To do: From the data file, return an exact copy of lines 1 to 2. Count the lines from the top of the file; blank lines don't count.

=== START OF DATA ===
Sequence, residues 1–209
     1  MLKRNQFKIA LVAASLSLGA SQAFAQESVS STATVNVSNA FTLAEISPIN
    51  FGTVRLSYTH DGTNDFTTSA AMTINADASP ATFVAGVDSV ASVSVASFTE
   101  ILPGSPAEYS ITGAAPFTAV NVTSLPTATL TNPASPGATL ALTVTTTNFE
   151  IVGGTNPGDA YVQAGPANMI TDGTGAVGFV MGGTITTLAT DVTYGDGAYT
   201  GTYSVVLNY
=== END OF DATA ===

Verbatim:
Sequence, residues 1–209
     1  MLKRNQFKIA LVAASLSLGA SQAFAQESVS STATVNVSNA FTLAEISPIN